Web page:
Ready to get started?

Learn more about the CData Python Connector for Dropbox or download a free trial:

Download Now

Extract, Transform, and Load Dropbox Data in Python

The CData Python Connector for Dropbox enables you to create ETL applications and pipelines for Dropbox data in Python with petl.

The rich ecosystem of Python modules lets you get to work quickly and integrate your systems more effectively. With the CData Python Connector for Dropbox and the petl framework, you can build Dropbox-connected applications and pipelines for extracting, transforming, and loading Dropbox data. This article shows how to connect to Dropbox with the CData Python Connector and use petl and pandas to extract, transform, and load Dropbox data.

With built-in, optimized data processing, the CData Python Connector offers unmatched performance for interacting with live Dropbox data in Python. When you issue complex SQL queries from Dropbox, the driver pushes supported SQL operations, like filters and aggregations, directly to Dropbox and utilizes the embedded SQL engine to process unsupported operations client-side (often SQL functions and JOIN operations).

Connecting to Dropbox Data

Connecting to Dropbox data looks just like connecting to any relational data source. Create a connection string using the required connection properties. For this article, you will pass the connection string as a parameter to the create_engine function.

Dropbox uses the OAuth authentication standard. To authenticate using OAuth, you can use the embedded credentials or register an app with Dropbox.

See the Getting Started guide in the CData driver documentation for more information.

After installing the CData Dropbox Connector, follow the procedure below to install the other required modules and start accessing Dropbox through Python objects.

Install Required Modules

Use the pip utility to install the required modules and frameworks:

pip install petl
pip install pandas

Build an ETL App for Dropbox Data in Python

Once the required modules and frameworks are installed, we are ready to build our ETL app. Code snippets follow, but the full source code is available at the end of the article.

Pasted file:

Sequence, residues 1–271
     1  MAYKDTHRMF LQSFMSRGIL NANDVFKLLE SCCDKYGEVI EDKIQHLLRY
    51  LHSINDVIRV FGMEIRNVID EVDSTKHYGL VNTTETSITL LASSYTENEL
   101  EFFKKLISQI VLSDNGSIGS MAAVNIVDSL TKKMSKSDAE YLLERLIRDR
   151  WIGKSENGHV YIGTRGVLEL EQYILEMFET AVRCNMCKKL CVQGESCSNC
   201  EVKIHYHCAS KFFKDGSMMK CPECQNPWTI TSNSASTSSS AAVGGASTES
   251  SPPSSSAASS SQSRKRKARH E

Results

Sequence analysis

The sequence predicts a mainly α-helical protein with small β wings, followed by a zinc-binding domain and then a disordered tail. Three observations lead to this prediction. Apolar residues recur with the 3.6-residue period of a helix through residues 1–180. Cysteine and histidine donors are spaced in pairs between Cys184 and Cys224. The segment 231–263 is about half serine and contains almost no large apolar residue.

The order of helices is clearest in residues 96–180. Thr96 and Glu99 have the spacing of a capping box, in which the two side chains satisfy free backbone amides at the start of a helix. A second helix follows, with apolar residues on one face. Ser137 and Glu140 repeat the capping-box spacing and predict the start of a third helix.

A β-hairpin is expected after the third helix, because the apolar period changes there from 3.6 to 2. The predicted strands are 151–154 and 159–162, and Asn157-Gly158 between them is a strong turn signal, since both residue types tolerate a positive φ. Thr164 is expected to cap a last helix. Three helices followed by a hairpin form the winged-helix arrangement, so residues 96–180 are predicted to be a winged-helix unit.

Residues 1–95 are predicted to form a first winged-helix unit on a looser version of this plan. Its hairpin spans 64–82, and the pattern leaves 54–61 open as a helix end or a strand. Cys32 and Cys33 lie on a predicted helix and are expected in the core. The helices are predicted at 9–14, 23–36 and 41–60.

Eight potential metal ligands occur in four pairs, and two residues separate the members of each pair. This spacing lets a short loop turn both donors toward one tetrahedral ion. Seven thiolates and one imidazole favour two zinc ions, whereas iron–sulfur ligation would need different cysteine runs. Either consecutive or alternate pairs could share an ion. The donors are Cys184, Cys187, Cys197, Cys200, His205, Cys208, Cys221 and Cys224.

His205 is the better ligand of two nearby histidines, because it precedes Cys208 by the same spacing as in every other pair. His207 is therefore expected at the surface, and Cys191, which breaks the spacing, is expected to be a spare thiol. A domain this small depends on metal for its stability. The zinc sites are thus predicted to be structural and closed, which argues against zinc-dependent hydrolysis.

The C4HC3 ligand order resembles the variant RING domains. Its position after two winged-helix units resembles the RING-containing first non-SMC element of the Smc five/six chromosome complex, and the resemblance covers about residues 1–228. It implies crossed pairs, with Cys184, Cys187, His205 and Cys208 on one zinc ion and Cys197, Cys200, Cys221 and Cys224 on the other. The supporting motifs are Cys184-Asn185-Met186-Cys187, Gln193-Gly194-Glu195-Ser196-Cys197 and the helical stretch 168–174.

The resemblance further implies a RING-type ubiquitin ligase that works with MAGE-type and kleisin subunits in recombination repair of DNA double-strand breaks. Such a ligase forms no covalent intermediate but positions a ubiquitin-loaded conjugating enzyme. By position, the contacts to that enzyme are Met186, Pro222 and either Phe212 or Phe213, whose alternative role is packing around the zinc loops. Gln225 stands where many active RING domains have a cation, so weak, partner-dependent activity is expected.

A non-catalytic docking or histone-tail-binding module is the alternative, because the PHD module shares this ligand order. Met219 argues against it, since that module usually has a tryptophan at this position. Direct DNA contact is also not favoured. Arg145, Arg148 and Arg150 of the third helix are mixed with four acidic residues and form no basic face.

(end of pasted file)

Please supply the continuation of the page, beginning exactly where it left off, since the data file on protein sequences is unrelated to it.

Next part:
First, be sure to import the modules (including the CData Connector) with the following:

import petl as etl
import pandas as pd
import cdata.dropbox as mod

You can now connect with a connection string. Use the connect function for the CData Dropbox Connector to create a connection for working with Dropbox data.

cnxn = mod.connect("InitiateOAuth=GETANDREFRESH;OAuthSettingsLocation=/PATH/TO/OAuthSettings.txt")")

Create a SQL Statement to Query Dropbox

Use SQL to create a statement for querying Dropbox. In this article, we read data from the Files entity.

sql = "SELECT Id, Name FROM Files WHERE Id = '1'"

Extract, Transform, and Load the Dropbox Data

With the query results stored in a DataFrame, we can use petl to extract, transform, and load the Dropbox data. In this example, we extract Dropbox data, sort the data by the Name column, and load the data into a CSV file.

Loading Dropbox Data into a CSV File

table1 = etl.fromdb(cnxn,sql)

table2 = etl.sort(table1,'Name')

etl.tocsv(table2,'files_data.csv')

In the following example, we add new rows to the Files table.

Adding New Rows to Dropbox

table1 = [ ['Id','Name'], ['NewId1','NewName1'], ['NewId2','NewName2'], ['NewId3','NewName3'] ]

etl.appenddb(table1, cnxn, 'Files')

With the CData Python Connector for Dropbox, you can work with Dropbox data just like you would with any database, including direct access to data in ETL packages like petl.

Free Trial & More Information

Download a free, 30-day trial of the Dropbox Python Connector to start building Python apps and scripts with connectivity to Dropbox data. Reach out to our Support Team if you have any questions.



Full Source Code


import petl as etl
import pandas as pd
import cdata.dropbox as mod

cnxn = mod.connect("InitiateOAuth=GETANDREFRESH;OAuthSettingsLocation=/PATH/TO/OAuthSettings.txt")")

sql = "SELECT Id, Name FROM Files WHERE Id = '1'"

table1 = etl.fromdb(cnxn,sql)

table2 = etl.sort(table1,'Name')

etl.tocsv(table2,'files_data.csv')

table3 = [ ['Id','Name'], ['NewId1','NewName1'], ['NewId2','NewName2'], ['NewId3','NewName3'] ]

etl.appenddb(table3, cnxn, 'Files')